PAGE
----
Health & Beauty

I Want to Be: Q&A With Lotte Davis

April 18, 2019

Though her company’s focus is on hair, AG‘s Lotte Davis has a second passion: supporting girls’ education in Kenya and Uganda through her Vancouver-based charity, One Girl Can and its annual IWANTtoBE fundraising event, coming up on April 25th, 2019. —Noa Nichol


We know all about One Girl Can, but for those reading this who may not, can you give us a bit of background on this initiative?

One Girl Can is a Vancouver-based charity that supports girls’ education in Kenya and Uganda. The goal is to create a system that not only educates girls, but supports them through every stage of their young adult life and helps them achieve their professional goals. Ultimately, the graduates of the program invest their time mentoring their younger peers, empowering themselves and others in the process.

Tell us about this year’s IWANTtoBE event. How will the evening unfold and what is the goal?

I’m amazed each year how our support locally continues to grow. This is our fifth event, and our sponsorship has doubled from eight sponsors to 16, with significant companies like TD, Beedie, Odlum Brown, Deloitte, KPMG and more getting on board to support gender based programs globally. Our goal for the event this year is to raise $400,000. Our aim this year was to provide 50 girls in Kenya with university scholarships, but 78 qualified, and we couldn’t turn any of them away, so we’re hoping for an extra push to help us achieve this stretch goal. It is also our intention to use the funds raised at this event to build three dormitories and washroom facilities at Magomano Girls Boarding School in Kenya to provide the students with safe and clean accommodations and support the school’s continued growth.


Have you had a chance to get to know the special surprise guest from Kenya who will be speaking at the event about how One Girl Can helped change her life, personally? How does her story mirror the objectives of the organization?"

I met the young woman who will be speaking at the event five years ago by chance, and learned she was a straight-A student who had no chance of going to university due to the financial constraints in her family. One Girl Can provided her with a full scholarship and coached her for five years. She is graduating this month with a degree in Civil Engineering. Outside of the obvious advantages this will have on her life, one of her biggest motivations is to coach and mentor more young women in her society to ensure that many more women rise up to the challenge to join the workforce and begin shifting the dial on gender inequality. Our goal is to have 1,000 girls educated by 2022, all of whom have the same commitment to create this fundamental change in their world and provide access to jobs for all women.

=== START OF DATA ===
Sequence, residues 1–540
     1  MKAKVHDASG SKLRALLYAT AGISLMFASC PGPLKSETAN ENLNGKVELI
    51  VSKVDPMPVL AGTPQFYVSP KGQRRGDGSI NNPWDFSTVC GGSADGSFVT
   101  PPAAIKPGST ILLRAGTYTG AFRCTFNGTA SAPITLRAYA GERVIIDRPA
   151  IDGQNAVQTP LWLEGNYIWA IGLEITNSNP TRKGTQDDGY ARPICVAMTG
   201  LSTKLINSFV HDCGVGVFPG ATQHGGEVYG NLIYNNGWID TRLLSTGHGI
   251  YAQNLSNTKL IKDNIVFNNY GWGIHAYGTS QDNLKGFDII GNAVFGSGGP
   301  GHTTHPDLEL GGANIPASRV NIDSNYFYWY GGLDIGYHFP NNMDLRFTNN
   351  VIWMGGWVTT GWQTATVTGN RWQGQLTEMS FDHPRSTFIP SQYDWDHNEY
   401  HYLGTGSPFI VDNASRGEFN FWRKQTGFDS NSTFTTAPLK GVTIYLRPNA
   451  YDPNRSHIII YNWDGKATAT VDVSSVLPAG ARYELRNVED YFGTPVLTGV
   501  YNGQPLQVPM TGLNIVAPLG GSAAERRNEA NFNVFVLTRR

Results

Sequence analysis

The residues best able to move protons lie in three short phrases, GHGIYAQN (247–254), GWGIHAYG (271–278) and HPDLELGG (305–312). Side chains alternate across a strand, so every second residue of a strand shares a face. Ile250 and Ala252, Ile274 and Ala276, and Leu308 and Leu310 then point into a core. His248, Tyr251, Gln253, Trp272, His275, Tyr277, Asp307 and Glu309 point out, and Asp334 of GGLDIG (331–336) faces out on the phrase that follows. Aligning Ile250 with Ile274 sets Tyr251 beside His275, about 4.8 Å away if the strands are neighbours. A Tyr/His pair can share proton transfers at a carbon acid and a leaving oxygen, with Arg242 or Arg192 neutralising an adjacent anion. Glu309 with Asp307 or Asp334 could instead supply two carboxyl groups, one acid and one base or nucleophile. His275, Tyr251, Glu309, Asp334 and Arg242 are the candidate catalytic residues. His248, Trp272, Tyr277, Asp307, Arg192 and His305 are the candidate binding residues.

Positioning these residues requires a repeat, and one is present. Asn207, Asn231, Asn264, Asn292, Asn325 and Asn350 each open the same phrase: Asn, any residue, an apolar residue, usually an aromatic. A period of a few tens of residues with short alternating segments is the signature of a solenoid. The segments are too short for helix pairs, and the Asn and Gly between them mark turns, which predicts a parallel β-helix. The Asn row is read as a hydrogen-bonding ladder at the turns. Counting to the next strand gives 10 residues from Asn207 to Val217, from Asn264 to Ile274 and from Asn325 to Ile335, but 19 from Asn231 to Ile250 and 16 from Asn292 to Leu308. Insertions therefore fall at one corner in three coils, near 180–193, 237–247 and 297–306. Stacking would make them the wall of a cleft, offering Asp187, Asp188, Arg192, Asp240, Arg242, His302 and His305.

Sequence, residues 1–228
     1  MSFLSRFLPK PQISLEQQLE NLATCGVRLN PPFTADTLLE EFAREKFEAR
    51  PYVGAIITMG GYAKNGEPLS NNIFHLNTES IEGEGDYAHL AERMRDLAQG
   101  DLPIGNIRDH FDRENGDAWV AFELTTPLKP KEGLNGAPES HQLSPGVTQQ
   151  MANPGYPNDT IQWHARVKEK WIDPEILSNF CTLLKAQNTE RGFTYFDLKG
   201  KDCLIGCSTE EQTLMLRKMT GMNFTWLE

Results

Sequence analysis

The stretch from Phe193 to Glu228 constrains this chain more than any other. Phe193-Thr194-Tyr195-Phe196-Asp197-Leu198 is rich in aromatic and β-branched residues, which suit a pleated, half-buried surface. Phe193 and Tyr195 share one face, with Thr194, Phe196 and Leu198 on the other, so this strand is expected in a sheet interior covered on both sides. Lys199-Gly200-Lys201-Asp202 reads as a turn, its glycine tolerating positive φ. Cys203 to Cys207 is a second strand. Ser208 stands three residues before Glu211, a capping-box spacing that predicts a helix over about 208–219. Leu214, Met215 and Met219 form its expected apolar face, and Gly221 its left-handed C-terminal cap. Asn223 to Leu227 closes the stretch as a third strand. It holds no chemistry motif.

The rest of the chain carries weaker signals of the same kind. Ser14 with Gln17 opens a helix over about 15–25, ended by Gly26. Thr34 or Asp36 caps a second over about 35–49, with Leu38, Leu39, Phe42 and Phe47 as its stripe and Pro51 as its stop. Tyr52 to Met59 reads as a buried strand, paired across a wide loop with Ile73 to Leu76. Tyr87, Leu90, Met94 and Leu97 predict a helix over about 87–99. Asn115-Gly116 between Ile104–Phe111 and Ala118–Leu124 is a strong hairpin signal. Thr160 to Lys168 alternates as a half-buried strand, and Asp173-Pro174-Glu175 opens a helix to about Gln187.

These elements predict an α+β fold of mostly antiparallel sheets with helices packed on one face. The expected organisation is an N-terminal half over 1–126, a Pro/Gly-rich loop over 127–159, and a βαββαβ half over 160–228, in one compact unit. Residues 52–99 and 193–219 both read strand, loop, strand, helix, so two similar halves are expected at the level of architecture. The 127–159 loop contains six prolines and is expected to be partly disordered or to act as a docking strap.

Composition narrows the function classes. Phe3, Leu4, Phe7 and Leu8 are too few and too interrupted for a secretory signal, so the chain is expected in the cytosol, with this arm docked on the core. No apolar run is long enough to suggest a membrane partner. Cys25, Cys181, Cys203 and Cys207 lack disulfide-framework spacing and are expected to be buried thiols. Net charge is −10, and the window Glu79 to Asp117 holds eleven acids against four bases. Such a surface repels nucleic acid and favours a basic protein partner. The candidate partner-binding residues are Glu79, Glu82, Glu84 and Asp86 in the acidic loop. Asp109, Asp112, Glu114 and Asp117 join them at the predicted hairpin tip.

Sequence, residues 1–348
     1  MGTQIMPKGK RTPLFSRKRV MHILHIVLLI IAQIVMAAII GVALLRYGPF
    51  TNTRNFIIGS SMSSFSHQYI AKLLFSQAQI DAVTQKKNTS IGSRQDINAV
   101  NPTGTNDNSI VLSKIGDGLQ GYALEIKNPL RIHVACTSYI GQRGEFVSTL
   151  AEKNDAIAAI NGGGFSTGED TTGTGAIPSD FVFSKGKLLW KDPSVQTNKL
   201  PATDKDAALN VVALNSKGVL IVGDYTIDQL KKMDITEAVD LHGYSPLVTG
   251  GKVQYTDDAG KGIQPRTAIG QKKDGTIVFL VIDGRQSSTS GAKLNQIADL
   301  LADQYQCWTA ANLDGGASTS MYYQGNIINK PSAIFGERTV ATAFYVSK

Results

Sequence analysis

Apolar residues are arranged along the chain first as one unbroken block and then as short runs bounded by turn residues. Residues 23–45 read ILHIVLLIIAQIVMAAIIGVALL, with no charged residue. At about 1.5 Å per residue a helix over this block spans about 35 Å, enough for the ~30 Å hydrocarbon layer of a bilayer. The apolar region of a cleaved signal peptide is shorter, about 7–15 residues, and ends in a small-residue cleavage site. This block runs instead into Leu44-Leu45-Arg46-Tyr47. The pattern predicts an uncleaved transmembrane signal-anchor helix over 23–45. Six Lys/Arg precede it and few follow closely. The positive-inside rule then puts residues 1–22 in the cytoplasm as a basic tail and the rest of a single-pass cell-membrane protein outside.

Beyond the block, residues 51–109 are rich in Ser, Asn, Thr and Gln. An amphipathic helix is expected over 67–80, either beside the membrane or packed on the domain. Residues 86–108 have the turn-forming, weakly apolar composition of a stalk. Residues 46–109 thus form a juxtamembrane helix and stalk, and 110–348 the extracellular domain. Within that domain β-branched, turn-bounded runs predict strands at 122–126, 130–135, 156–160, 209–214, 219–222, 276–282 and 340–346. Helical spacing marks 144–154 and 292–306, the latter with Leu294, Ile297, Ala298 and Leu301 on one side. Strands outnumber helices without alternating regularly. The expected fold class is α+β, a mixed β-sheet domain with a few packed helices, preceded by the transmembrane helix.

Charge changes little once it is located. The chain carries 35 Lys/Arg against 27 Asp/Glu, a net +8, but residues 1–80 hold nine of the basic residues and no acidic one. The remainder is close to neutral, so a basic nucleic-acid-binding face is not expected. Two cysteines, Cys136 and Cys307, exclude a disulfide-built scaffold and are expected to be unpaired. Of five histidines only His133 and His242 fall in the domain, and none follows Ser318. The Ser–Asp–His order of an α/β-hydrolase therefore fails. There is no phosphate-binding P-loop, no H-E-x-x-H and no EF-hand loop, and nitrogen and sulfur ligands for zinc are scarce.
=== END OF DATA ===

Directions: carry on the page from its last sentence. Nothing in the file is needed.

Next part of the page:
Have there been any other personal stories that have really stuck with you?

I personally have supported a girl from the Kibera slums in Nairobi since she was eight years old, and she has now graduated with a Diploma in Marketing and PR and is just joining the workforce. I’m lucky enough to personally witness the transformation of hundreds of girls in our program every 6 months when I’m in Kenya and Uganda. Our emotional and financial support work beautifully in tandem to build confidence and skill, and we will stand behind every girl until she is earning a living and can stand alone.

What is the impact of community support on One Girl Can? In the same vein, what is the importance of IWANTtoBE’s event in sparking transformative change for educational opportunities?

IWANTtoBE fundamentally addresses two of the greatest unmet challenges the world still faces this century—gender inequality and poverty. Both of these colossal issues can be resolved through educating girls, and our event brings people in our privileged community together for three short hours to raise enough money to send 78 girls to university and build three dormitories at a secondary school. We’re able to clearly articulate to this audience how we will manage their investment to deliver the biggest outcome, and I believe in turn, these guests genuinely feel their contribution is making a substantial difference. Many people in our community have been with us since our very first event five years ago. Their belief in our cause has changed thousands of lives, and our special guest will be proof of just how transformative their support can be. When you invest in one girl, the benefit extends far beyond her, impacting her family, her community and her country.


What’s next for One Girl Can?

We’re developing a series of social enterprise and skills assessment workshops that can be taken online and will help our students develop their own small businesses to sustain them while they look for work. We also feel this experience will be very beneficial for their confidence, their resume, and the way they’ll show up for an interview and in the workplace.

Finally, a personal question. In the spirit of IWANTtoBE, what did you, as a little girl, dream of becoming when you grew up?!

Good question! I grew up in the ’60s and in that environment women exclusively stayed home and took care of the household, so I didn’t have any role models to look up to. I remember thinking how divided the roles were and how the men in all households were more powerful and made all the final decisions. I was very bossy, the primary organizer for all play activities, and I knew I would work but hadn’t figured out how. I became aware of Betty Frieden when I was 13, and that changed everything for me. She gave a voice to all my observations and frustrations, and from then on I knew I would go to university, earn my own income and be financially independent.


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